As we head into the Thanksgiving holiday week each year, I always pause and reflect on the things I am most thankful for, both in my professional career and in my personal life. For many people, it is hard to be genuinely thankful given that there are a lot of problems out there. But not for me as I have more blessings in my life than I can count!

One of the benefits of writing a nationally distributed E-Letter as I do is that I have business relationships spread all across our great country. Sometimes it is easier to express thanks to those that you see and talk to in person than those who are only available via e-mail or telephone. However, I want to take this opportunity to thank all of my clients around the country.

Were it not for those who have entrusted us to manage their investments, there would be no E-Letter. My companies currently have over 1,000 clients representing almost every state in the Union, and many of these individuals have been our clients for over a decade. In many cases, what began as client/advisor relationships have now developed into warm friendships.

Next, I want to express my sincere appreciation to all of you who regularly read my E-Letters. Since its start in September of 2002, my E-Letters now go out to around a half a million people each week. And I especially thank those of you who give me feedback. Your comments and suggestions definitely help me to put out a better E-Letter.

Other long-distance relationships to which we owe a debt of gratitude are our consultants, which include accountants, legal counsel and those that help us evaluate and track money managers. It has become a fact of life that good consultants are necessary for a successful business, and I think ours are among the best in the industry.

The final long-distance relationships I’d like to thank are the professional Advisors we recommend. Since we perform due diligence on each of them, we are well aware of all of the work it takes to formulate and implement a market strategy designed to manage the risks of being in the market. 

Next, I would be remiss if I did not extend a hearty “thanks” to my internal staff. Everyone on our staff has been with us for us over a decade, with one exception (and she is very close). They are a very loyal and dedicated bunch that makes their top priority to serve our clients and help me in what I do. They are more like family than employees.

Finally, it is important to never forget to be thankful for your family. My wife, Debi, works in the business and is an important sounding board for every major decision I make. She is also the CFO of the company and handles all of the detailed financial duties that allow me to concentrate on writing and overseeing our investment management business. She does all that and is still my best friend and a great Mom!

I’m also so thankful for my kids. While the media increasingly laments “out of control” young people, my kids are NOT among them. My son and daughter are both in college now, making excellent grades, holding leadership positions in their respective service organizations and attending church regularly. And both are very smart with their money.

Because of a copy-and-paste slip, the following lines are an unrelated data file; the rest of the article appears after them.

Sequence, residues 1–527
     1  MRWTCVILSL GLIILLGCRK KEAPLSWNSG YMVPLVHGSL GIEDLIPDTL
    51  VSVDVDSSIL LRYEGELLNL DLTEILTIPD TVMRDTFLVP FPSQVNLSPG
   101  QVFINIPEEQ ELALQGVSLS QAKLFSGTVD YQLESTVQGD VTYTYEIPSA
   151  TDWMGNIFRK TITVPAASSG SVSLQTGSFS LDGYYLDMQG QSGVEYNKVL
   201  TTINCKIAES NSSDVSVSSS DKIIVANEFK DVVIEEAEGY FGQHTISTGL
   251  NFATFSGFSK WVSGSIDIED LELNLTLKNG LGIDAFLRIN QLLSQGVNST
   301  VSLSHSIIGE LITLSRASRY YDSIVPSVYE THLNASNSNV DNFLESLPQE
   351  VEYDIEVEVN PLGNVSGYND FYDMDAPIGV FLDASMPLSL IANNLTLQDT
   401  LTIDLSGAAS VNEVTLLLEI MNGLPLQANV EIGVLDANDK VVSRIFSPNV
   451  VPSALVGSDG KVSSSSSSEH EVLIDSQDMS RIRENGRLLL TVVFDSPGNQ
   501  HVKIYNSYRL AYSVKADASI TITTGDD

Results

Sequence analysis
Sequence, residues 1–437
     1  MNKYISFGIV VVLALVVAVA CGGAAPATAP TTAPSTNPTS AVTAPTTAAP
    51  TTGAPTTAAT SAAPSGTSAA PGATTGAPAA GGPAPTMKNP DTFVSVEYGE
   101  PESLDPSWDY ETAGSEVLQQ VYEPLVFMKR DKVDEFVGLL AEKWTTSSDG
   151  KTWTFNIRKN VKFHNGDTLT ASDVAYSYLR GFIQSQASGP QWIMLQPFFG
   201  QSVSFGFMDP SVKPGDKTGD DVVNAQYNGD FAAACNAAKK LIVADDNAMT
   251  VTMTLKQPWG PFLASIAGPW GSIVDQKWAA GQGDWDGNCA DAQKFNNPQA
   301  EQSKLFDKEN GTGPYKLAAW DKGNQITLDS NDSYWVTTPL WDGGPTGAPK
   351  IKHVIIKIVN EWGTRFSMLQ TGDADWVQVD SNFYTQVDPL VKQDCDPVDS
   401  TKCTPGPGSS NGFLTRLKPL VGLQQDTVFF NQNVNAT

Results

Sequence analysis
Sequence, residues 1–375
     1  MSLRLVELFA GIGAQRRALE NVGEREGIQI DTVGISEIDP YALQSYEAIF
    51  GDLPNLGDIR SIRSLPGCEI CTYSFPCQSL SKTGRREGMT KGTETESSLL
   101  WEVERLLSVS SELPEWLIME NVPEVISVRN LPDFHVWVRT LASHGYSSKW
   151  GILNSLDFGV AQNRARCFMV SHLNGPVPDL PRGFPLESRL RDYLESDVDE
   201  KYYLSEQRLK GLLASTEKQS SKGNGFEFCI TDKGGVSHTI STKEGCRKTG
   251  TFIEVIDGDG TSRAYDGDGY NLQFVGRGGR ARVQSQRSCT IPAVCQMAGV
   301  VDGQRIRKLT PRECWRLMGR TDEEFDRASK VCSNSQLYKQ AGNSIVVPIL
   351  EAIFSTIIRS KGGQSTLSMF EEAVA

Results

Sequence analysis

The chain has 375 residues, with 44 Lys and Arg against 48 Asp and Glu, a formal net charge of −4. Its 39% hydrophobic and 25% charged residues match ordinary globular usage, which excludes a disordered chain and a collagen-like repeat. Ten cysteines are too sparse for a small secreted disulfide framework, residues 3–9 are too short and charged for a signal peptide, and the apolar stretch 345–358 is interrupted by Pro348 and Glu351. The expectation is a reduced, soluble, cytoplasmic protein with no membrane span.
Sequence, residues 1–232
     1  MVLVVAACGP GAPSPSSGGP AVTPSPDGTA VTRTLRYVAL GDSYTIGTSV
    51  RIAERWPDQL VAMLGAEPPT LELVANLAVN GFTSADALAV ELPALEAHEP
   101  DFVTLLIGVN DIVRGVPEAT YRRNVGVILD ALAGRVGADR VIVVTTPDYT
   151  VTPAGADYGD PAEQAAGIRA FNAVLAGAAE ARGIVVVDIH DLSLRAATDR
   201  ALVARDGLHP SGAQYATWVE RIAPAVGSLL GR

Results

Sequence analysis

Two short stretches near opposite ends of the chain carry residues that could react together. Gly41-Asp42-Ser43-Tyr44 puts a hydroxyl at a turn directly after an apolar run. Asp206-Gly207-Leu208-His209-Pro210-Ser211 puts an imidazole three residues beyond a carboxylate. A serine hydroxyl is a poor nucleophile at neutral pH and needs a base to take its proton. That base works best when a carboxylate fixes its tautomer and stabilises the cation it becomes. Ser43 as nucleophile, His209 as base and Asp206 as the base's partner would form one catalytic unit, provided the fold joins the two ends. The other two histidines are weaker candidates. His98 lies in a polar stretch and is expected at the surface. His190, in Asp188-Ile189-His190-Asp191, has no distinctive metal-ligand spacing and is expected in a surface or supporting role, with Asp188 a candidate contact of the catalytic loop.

On a larger scale, I am thankful to be living in the greatest country on the face of the earth. Sure, we have our problems, especially in light of the current economic and financial challenges and political concerns. Yet there are people around the world who would trade places with us in a heartbeat!

And finally, there continues to be a vocal minority who want to challenge the “One Nation, Under God” concept, which never seems to stop. Yet I don’t think that we should ever forget to thank Him who has blessed our nation so bountifully. No matter what detractors may say, our nation was founded upon Biblical principles, and I think that’s a big reason why America has been so successful and has lasted for so long.

These are just a few things that I am very thankful for this Thanksgiving week.  As you are inundated with food, football and Christmas shopping promotions this week, please don’t forget to stop for a minute, bow your head and be thankful for all of the blessings you have received during the year. I certainly am!

Happy Thanksgiving,

Gary D. Halbert

 

SPECIAL ARTICLES

Why the Super Committee Failed
http://online.wsj.com/article/SB10001424052970204531404577052240098105190.html

Super Committee – Typical Washington Charade
http://washingtonexaminer.com/opinion/editorials/2011/11/only-election-can-break-washingtons-gridlock


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Forecasts & Trends E-Letter is published by ProFutures, Inc. Gary D. Halbert is the president and CEO of ProFutures, Inc. and is the editor of this publication. Information contained herein is taken from sources believed to be reliable but cannot be guaranteed as to its accuracy. Opinions and recommendations herein generally reflect the judgement of Gary D. Halbert (or another named author) and may change at any time without written notice. Market opinions contained herein are intended as general observations and are not intended as specific investment advice. Readers are urged to check with their investment counselors before making any investment decisions. This electronic newsletter does not constitute an offer of sale of any securities. Gary D. Halbert, ProFutures, Inc., and its affiliated companies, its officers, directors and/or employees may or may not have investments in markets or programs mentioned herein. Past results are not necessarily indicative of future results. Reprinting for family or friends is allowed with proper credit. However, republishing (written or electronically) in its entirety or through the use of extensive quotes is prohibited without prior written consent.